With practice you can learn to take insults with so much finesse and panache that they either disappear or never touch you.

Here’s the fifth and final post of 5 that I’m doing on the book “Verbal Judo – The Gentle Art of Persuasion” by George J. Thompson, Ph.D.

It’s only been a few months since I finished reading “Verbal Judo” but I have used the following tactic more than anything else. I’ll admit, I have a hard time taking criticism.

In the past I would just pretend that the hurtful words just weren’t said. But we all know that doesn’t work. A bully, having spoken insults and not getting any reaction will invariably turn up the volume and make you acknowledge him if you don’t the first time.

“The first step in learning to deal with verbal attacks is to acknowledge that crap is being flung. The second step is to admit that it is being flung at you. Then congratulate yourself. It’s okay to be questioned, heckled, or even attacked. If you are willing to take it, you should be commended. The only way to avoid criticism is either to live in a capsule or spend your whole life trying to please everyone. That means playing it safe, surrounding yourself with sycophants, taking few responsibilities, and doing what other people tell you to do.” – Thompson

It’s not that easy. But Thompson goes on to detail the tough position you put yourself in if you insult back or refrain from speaking up for yourself:

“The first principle of physical judo is to not resist your opponent. Instead, move with him and redirect his energy. Ignoring or dismissing a question is the same as resisting it.” – Thompson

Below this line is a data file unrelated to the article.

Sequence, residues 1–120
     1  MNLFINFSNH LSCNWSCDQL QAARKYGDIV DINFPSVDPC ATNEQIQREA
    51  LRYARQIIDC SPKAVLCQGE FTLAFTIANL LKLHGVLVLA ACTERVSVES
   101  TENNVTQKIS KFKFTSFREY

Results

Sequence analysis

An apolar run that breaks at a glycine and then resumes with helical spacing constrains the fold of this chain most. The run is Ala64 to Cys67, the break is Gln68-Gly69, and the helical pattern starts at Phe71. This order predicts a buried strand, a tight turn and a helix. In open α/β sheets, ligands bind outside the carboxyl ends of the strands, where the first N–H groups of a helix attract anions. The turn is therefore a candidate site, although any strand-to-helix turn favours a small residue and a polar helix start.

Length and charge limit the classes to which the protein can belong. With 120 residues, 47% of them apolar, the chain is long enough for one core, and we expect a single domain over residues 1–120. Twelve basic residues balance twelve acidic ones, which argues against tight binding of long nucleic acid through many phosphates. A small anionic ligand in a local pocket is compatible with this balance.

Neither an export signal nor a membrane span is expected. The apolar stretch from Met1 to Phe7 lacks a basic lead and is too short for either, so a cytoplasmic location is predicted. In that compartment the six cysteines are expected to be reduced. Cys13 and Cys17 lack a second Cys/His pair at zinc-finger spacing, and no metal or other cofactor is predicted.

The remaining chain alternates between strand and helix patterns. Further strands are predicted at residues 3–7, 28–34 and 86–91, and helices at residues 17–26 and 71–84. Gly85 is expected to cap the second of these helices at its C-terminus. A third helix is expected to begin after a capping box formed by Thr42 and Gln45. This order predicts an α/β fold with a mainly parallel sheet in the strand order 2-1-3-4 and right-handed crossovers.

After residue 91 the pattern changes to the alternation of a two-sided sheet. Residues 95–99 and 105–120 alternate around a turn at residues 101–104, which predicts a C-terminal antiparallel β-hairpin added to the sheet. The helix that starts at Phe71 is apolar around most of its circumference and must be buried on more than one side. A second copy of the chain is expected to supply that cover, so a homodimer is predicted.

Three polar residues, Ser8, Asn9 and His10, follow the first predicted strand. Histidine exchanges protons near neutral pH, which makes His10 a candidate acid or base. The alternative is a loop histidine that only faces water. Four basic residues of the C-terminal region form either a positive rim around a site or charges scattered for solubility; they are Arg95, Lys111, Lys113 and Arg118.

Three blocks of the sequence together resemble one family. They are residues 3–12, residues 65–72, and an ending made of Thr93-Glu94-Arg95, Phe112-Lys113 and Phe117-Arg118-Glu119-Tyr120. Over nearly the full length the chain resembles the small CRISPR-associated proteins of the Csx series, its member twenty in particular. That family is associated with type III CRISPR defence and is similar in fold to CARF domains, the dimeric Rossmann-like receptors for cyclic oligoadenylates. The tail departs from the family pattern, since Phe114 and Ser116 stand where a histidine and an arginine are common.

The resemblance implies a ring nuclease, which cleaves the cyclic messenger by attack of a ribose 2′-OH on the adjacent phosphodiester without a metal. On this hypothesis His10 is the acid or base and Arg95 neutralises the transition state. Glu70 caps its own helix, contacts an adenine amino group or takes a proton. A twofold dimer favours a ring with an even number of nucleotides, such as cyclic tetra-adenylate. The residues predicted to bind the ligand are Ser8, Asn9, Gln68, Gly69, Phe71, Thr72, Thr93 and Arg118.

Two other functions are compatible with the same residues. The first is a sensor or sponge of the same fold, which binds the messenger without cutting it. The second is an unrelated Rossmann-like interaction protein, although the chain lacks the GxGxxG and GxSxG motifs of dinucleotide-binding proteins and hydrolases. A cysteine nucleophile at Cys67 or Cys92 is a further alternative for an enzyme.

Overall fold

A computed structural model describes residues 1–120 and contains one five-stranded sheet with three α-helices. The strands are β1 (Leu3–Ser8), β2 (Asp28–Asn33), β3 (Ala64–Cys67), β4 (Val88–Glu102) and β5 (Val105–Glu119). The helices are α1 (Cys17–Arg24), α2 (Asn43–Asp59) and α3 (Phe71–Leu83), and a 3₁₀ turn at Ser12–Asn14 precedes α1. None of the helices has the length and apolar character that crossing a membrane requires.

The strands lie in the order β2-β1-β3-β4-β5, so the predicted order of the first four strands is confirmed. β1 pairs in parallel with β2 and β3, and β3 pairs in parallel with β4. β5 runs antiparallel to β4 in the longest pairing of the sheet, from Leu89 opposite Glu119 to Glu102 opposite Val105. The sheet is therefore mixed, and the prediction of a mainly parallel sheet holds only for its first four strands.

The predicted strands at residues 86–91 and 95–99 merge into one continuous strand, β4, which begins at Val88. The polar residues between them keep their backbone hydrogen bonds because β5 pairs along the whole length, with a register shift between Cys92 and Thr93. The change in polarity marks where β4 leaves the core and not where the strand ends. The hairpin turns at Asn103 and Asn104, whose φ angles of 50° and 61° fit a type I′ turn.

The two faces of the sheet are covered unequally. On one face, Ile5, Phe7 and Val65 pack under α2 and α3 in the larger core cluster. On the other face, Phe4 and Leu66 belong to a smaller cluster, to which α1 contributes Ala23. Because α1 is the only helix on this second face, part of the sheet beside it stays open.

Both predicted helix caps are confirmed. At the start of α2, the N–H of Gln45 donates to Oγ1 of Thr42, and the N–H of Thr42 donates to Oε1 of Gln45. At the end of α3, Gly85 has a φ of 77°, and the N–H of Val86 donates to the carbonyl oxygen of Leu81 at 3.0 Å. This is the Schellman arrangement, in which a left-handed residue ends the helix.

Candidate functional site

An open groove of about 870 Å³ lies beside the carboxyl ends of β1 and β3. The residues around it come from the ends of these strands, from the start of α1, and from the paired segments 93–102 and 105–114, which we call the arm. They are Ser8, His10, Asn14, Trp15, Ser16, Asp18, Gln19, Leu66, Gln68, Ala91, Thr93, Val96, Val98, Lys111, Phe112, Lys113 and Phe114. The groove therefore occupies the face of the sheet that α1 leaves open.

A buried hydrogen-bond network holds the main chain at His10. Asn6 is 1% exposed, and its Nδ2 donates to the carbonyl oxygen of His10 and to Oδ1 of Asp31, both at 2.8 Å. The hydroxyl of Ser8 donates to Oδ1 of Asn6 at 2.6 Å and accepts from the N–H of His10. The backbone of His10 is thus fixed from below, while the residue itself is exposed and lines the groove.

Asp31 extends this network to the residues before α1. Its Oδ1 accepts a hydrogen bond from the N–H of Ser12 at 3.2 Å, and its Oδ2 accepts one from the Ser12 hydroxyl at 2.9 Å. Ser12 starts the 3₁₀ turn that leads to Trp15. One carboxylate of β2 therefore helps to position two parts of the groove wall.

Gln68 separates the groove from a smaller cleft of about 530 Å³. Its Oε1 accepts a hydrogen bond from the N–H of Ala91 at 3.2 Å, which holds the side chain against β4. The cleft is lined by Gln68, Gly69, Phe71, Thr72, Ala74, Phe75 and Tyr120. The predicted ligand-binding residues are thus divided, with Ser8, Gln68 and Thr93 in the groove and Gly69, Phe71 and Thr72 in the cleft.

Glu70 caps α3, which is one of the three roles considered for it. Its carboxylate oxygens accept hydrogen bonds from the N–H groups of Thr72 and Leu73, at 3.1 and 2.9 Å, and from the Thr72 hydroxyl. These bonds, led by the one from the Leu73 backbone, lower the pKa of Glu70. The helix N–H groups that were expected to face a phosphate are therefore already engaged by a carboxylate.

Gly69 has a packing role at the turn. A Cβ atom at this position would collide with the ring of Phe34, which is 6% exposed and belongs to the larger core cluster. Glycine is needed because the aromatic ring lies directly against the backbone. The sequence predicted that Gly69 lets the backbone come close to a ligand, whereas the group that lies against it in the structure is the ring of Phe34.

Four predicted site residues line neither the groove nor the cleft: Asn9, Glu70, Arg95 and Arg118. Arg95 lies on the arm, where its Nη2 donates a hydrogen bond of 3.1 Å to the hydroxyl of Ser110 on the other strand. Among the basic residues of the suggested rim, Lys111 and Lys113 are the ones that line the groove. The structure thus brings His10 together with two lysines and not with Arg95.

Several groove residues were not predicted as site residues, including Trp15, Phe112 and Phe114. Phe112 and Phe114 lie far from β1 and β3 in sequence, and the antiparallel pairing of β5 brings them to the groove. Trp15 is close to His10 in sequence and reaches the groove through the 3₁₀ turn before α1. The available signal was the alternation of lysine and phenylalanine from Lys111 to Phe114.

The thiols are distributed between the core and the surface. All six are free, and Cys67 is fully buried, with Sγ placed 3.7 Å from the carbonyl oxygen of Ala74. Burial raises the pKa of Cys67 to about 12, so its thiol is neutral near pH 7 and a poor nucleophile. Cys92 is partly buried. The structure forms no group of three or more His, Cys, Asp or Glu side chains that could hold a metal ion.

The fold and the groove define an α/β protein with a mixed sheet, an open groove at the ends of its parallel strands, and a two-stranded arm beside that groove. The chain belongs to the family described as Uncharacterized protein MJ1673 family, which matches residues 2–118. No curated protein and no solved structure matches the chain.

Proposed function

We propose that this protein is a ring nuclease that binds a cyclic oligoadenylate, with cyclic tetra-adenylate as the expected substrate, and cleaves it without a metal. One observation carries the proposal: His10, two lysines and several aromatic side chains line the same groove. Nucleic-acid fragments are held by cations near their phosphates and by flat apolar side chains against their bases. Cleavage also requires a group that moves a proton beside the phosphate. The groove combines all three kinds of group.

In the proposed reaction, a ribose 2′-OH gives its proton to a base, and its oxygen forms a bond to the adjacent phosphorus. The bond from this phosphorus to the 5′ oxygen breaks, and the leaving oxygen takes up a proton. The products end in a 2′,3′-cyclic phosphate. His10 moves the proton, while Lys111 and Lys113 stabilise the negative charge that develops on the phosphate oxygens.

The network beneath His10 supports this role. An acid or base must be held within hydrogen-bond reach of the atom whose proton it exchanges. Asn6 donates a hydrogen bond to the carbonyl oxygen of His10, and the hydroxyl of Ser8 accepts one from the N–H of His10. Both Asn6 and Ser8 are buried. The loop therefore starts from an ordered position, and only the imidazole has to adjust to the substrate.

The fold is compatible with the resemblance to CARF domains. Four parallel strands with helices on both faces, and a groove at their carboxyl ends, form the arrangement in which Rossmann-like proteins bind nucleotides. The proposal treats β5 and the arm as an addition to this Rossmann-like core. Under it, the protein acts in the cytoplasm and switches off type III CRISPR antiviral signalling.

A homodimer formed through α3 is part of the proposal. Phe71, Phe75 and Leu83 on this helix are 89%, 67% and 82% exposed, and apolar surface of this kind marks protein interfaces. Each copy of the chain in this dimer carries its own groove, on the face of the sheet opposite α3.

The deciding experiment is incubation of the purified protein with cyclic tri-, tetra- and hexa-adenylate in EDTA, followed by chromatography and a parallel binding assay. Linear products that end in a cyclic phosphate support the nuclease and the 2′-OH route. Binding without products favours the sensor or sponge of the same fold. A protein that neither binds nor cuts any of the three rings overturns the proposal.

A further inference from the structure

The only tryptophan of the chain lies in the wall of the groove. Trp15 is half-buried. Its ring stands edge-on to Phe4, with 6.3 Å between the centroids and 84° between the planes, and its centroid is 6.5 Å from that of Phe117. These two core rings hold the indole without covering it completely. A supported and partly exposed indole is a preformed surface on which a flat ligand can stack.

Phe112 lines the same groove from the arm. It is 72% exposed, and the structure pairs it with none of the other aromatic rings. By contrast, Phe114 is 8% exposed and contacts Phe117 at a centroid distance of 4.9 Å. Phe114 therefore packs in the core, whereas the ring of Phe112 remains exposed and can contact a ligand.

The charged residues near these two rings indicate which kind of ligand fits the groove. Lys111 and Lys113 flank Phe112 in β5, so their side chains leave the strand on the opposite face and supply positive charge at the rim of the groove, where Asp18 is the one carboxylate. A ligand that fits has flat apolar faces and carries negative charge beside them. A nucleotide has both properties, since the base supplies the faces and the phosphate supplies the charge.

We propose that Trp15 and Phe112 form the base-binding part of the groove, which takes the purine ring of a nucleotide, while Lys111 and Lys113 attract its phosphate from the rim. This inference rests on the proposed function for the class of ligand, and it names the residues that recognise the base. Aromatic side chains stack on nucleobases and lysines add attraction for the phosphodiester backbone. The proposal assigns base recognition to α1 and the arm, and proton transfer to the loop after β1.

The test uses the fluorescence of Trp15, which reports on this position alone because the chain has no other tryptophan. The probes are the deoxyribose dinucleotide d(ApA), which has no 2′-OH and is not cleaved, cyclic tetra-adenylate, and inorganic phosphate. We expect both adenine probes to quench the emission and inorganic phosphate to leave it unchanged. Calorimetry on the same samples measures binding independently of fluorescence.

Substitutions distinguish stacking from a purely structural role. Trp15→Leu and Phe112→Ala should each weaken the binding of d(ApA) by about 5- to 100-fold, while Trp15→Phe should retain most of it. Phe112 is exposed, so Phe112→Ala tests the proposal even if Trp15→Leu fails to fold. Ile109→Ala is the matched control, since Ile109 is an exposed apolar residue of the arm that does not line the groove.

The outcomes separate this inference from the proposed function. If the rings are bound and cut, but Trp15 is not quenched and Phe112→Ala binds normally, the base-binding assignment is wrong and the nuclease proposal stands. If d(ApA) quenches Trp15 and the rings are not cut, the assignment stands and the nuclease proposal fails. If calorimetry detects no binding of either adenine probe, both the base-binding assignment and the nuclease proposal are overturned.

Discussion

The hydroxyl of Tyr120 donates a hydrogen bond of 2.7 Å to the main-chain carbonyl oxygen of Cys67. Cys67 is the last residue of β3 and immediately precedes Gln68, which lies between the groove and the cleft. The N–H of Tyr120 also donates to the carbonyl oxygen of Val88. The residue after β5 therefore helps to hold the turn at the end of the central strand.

So how do you deal with the negativity if you can’t insult back and you can’t just pretend it didn’t happen?

You need to start using “Strip Phrases:”

“Strip phrases are a deflector that strips the insult of its power.” – Thompson

Here’s a list of the strip phrases you can use when someone insults you:

  • ‘Preciate that
  • oyess
  • understan’ that sir

Each strip phrase allows you to retain some self-worth while verbally acknowledging the insult, deflecting it with a strip phrase, then discussing what you actually want from the person.

Here’s an example of how you could use one of the strip phrases:

Let’s say you’re having a hard time talking to an irate customer. They are insulting you and being generally rude. Instead of insulting them back or treating them harshly, take the blow. But deflect the internal damage by stripping the phrase you send back at them.

“‘preciate that sir, but all customers are required to bring in 2 forms of identification before we are able to process their paperwork.”

See what you did there? You took the insult and stripped back your response to overcome the insult.

“That’s how ancient samurai warriors viewed their battles. They lived for them. They were trained to see warfare as a joy and conflict, as a sign that they were drawing more energy.” – Thompson

If you get good at this tactic, you’ll move your head when the spear of insult is being flung at you. I believe the Notorious B.I.G. put it best in the song “Hypnotize”:

Never lose, never choose to, bruise crews who
Do something to us, talk go through us

I hope you enjoyed these last 5 posts on the book “Verbal Judo.” If you have any questions about the past 5 blog posts or want to discuss the book further please email me.

Have a great week!

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Author: David Neely

Professional Software Developer. Technology and Web Coordinator at the University of Hawaii's Manoa Career Center.